2. Materials and methods

2.1. Soils characterization

Two different soils of Northern Italy were chosen in a specific area located in Pedemont Region (Vercelli, Italy) characterized by cold and humid climate, in relation to their recognized vulnerability for nitrate leaching. The two soils, Tetto Frati (A) and Poirino (B), sampled at 0-30 cm, were characterized for main chemical, physical and biochemical parameters: pH, CEC (meq 100 g-1), total organic C % [19] and total N (mg Kg-1) [20], texture (sand %, loam %, clay %), bulk density (g cm-3), basal respiration [(mgC-CO2 ×Kgsoil-1)×day-1], C microbial biomass content (mg kg-1 ) [21], metabolic quotient qCO2 [(mgC-CO2×mg Cbiom-1×h)×10-3], mineralization quotient qM, [22] and C microbial biomass/C organic ratio (%) [23].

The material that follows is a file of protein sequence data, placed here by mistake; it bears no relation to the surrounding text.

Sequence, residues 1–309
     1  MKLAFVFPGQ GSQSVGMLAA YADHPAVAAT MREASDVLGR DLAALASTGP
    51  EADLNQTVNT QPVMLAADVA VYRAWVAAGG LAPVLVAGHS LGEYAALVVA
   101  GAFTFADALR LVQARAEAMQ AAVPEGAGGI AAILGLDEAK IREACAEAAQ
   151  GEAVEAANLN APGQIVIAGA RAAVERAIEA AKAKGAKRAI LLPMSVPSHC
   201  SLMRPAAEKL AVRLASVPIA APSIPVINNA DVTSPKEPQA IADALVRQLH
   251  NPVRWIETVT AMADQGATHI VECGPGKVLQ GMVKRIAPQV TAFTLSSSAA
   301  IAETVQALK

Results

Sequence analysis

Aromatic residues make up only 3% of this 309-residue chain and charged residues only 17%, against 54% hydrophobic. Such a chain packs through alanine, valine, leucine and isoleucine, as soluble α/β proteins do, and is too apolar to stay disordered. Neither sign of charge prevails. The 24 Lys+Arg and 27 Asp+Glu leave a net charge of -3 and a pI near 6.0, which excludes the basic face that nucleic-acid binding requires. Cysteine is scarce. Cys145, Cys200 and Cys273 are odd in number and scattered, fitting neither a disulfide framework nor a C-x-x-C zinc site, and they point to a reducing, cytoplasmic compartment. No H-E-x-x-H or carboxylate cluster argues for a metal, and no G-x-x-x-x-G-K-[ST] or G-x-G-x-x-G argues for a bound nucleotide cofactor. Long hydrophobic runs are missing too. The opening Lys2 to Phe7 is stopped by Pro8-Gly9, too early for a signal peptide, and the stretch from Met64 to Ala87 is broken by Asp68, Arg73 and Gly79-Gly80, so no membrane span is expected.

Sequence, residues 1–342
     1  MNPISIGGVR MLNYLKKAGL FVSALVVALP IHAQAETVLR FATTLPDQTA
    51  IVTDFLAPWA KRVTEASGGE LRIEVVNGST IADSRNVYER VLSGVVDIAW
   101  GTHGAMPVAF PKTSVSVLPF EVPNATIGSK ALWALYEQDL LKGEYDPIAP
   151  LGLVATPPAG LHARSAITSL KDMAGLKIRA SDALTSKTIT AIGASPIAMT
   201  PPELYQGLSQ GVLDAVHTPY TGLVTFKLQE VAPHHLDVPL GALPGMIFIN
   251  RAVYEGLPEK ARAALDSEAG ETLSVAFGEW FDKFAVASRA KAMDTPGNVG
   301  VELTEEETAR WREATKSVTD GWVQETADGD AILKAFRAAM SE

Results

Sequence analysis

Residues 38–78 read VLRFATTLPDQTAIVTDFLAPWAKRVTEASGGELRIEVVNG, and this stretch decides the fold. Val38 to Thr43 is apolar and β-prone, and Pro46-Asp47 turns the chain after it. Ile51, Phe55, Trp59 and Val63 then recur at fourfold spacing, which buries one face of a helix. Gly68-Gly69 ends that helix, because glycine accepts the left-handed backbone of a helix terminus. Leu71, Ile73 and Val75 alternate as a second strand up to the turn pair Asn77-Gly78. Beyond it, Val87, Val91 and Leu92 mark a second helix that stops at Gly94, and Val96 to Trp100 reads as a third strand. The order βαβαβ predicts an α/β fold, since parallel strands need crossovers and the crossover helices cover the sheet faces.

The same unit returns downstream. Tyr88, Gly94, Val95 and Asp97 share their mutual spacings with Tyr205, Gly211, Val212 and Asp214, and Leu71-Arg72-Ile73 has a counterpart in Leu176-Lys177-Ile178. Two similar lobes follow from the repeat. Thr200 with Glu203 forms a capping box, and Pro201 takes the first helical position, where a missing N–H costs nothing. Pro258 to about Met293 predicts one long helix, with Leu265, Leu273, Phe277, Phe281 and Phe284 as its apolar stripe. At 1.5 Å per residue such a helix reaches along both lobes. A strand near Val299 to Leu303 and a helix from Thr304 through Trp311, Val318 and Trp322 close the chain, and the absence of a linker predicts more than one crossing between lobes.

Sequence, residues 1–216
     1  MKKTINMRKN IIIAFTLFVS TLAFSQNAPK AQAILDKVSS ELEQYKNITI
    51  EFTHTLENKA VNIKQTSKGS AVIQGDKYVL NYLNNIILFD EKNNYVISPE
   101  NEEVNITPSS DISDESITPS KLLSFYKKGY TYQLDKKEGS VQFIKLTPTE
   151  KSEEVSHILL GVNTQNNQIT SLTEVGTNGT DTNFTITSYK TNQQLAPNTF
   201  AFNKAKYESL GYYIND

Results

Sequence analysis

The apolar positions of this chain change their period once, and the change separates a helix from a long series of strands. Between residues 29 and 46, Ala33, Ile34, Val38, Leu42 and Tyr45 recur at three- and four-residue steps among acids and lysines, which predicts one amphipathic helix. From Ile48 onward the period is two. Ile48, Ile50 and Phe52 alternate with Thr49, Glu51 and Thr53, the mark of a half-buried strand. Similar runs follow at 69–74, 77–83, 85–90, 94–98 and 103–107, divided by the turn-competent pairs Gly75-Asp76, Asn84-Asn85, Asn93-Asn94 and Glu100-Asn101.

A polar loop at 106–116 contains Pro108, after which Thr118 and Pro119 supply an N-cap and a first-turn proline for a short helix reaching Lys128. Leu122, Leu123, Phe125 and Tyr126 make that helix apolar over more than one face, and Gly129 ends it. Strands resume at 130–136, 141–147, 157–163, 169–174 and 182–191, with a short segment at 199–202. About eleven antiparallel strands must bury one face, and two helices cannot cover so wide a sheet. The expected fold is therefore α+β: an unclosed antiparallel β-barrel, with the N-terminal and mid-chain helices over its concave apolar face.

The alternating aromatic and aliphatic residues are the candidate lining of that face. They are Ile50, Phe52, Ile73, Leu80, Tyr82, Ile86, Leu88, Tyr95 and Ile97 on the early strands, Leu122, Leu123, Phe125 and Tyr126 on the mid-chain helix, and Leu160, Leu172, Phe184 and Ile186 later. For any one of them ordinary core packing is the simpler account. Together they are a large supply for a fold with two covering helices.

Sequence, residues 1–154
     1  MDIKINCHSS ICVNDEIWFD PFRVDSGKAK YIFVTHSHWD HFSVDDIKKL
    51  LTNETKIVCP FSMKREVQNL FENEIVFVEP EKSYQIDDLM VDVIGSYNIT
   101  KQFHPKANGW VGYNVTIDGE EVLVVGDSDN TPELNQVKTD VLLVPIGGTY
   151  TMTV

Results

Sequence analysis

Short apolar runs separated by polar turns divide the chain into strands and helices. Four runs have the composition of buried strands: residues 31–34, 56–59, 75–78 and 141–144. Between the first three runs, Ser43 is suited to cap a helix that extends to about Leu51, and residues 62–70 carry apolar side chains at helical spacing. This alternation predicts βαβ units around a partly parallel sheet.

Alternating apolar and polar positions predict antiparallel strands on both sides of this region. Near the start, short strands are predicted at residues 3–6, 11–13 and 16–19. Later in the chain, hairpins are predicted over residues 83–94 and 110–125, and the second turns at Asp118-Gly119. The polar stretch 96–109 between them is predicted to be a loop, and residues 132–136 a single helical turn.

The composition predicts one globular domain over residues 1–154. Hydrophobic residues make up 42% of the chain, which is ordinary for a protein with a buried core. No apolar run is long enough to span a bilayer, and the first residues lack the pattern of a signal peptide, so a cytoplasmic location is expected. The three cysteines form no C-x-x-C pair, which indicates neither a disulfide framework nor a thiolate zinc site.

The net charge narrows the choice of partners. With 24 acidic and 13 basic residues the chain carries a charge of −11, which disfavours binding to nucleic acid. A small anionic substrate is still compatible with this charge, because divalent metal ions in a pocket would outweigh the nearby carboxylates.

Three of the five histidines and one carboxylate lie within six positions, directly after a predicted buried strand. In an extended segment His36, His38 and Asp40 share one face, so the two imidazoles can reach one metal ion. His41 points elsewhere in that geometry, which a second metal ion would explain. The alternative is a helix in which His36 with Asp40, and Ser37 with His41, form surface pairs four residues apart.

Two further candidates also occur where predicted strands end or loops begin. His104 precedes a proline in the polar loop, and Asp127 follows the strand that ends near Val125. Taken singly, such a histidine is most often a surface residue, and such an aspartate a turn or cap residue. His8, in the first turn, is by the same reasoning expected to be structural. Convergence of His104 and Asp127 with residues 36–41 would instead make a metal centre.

2.2. Biomasses characterization

The organic biomasses, not-processed and processed, were supplied by the anaerobic digestion plant of the “Research Centre for Animal Production - Foundation Centre for Studies and Research” (C.R.P.A. – F.C.S.R. S.p.A., Reggio Emilia, Italy). Their main chemical characteristics of solid fractions of swine livestock manure are below reported:

pH: not-digested = 7.0 digested = 8.0

N content (as received): not-digested = 0.47% digested = 0.39%

N content (dry matter) not-digested = 2.9% digested = 3.0%

C organic (dry matter): not-digested = 43,5% digested = 35,9%